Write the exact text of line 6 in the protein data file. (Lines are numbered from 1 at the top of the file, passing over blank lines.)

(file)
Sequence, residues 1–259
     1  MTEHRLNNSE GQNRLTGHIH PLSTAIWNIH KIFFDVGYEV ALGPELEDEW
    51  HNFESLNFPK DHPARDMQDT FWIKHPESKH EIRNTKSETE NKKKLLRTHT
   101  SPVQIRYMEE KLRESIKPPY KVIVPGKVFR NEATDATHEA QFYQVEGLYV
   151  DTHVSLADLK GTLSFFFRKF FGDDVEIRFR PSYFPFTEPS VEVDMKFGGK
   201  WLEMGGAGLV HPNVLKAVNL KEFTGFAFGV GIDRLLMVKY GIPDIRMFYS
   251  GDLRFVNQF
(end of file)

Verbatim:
   201  WLEMGGAGLV HPNVLKAVNL KEFTGFAFGV GIDRLLMVKY GIPDIRMFYS